While some media stories may be aired then soon forgotten, Bruce Hogle’s tremendous passion and work ethic led to pieces that often produced lasting change. In 1967, he produced a powerful documentary, What About the Victim, which detailed issues faced by victims of crime. The piece prompted the creation of the Alberta Crimes Compensation Board, the first of its kind in Canada. In 1973, Bruce’s desire to open up Alberta’s political processes led to live television coverage of legislative proceedings. The broadcast was the first of its kind in the Commonwealth and encouraged other jurisdictions to follow suit. Bruce’s investigative work in the 1970s also exposed landlords who were taking advantage of renters during economic boom times. His hard hitting coverage led to changes that enshrined rent controls in law. Perhaps one of Bruce’s most memorable and effective efforts was the 1981 launch of Wednesday's Child, a regular feature to find families for difficult-to-adopt children with physical, mental and emotional handicaps. Approximately 80 percent of the foster children featured on award-winning and ongoing Wednesday’s Child programs have found permanent and loving homes.
Bruce Hogle also pioneered change as a supporter of women in broadcasting and was instrumental in opening the door at CFRN TV for Western Canada’s first female news anchor. He further advanced his profession as a leader with various provincial and national media associations. His considerable contributions to the industry have been recognized with many awards and honors, including induction into the Canadian Association of Broadcasters Hall of Fame.
In 1995, Bruce retired from the media but continued to serve as an ardent community volunteer. One of his main focuses has been the Good Neighbour Fund which he established in 1993 during his tenure as head of Community and Corporate Services for CFRN TV. This unique organization acts as a charity of last resort for people in need of a helping hand. Over the years the Fund has met a wide range of needs, from providing extras for people with severe disabilities and helping people access expensive medical treatments to covering sports registration fees for inner city youth and covering moving costs for women fleeing domestic abuse. Using his close and longstanding association with the Al Shamal Shriners of Northern Alberta, Bruce created Operation Red Coat/Red Fez to unite Shriners with the RCMP in efforts to serve handicapped children living in isolated areas of the province.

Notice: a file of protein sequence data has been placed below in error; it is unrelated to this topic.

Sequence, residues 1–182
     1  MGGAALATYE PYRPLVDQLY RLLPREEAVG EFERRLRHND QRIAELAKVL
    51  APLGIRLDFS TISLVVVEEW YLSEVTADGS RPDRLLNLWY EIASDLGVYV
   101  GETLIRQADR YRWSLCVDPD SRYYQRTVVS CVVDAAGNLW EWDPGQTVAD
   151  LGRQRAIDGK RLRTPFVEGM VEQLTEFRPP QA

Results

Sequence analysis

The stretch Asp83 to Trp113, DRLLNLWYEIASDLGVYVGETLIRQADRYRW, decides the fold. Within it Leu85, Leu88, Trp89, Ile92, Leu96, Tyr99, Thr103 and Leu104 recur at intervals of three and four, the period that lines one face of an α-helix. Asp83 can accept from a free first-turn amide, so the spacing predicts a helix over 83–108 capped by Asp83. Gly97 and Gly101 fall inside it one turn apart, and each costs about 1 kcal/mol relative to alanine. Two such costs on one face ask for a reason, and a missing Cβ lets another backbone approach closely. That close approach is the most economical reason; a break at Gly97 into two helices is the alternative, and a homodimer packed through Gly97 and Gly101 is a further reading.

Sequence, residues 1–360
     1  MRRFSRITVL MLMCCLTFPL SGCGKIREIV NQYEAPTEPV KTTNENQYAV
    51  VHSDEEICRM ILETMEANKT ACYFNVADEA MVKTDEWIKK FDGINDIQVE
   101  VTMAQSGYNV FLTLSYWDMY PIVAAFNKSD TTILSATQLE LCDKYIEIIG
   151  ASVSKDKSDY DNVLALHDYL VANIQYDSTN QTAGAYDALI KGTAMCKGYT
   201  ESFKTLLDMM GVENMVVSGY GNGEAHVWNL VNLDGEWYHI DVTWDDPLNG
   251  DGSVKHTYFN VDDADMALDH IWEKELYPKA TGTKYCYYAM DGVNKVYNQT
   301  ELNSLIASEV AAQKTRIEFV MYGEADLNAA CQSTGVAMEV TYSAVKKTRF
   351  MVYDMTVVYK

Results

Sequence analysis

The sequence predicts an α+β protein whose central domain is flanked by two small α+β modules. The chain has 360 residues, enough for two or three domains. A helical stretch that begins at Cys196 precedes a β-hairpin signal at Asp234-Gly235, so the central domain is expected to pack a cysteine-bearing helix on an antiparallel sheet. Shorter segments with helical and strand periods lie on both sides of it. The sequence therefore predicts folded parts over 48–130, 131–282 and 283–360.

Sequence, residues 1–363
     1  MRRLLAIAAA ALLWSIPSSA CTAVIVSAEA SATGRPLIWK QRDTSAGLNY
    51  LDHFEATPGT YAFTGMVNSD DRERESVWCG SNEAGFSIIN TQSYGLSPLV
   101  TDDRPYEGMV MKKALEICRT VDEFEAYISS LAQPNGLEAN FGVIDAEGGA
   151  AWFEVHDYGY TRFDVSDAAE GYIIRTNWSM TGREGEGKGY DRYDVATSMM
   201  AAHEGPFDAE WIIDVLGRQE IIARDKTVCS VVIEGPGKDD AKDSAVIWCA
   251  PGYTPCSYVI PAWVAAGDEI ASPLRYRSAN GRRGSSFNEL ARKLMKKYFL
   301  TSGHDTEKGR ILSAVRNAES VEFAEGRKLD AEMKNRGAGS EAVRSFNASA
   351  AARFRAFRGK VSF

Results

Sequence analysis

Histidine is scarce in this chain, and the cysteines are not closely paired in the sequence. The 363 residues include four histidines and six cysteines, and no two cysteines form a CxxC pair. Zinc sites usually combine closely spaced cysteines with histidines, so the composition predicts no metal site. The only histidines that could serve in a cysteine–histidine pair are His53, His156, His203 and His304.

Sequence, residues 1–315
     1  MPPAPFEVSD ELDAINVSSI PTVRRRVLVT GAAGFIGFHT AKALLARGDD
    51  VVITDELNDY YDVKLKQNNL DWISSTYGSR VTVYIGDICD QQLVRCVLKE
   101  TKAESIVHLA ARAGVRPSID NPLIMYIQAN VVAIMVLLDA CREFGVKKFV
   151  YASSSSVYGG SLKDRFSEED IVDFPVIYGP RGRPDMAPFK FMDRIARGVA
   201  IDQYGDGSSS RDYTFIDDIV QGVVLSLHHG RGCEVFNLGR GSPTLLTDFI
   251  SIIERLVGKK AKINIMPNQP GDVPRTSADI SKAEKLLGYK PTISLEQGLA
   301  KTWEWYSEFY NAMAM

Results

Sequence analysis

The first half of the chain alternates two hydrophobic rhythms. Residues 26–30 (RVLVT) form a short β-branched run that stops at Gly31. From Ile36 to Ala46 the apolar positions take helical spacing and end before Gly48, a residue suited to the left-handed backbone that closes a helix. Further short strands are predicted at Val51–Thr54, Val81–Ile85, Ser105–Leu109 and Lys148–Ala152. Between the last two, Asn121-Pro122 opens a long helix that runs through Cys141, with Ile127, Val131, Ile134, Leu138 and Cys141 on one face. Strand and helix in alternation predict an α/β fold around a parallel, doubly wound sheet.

Bruce Hogle’s very long resume of volunteer efforts over the years covers dozens of non-profit organizations and stands as a powerful testament to his remarkable energy, strength of character and indefatigable desire to be of service to others. His community work has earned him many prestigious honours, including membership in the Order of Canada and recognition as one of the "100 Edmontonians of the Century." Bruce has humbly accepted each award he’s been offered on behalf of the dedicated teams of volunteers with which he works.
When asked to describe his attitude toward life, Bruce says, “What side of life are you looking at? If you’re looking for gloom and doom, you can always find it. But if you’re looking for joy personified you can find that too.” Anyone looking for kindness, integrity and a joyful belief in the power of the human spirit can most certainly find it in the life and contributions of Bruce Hogle.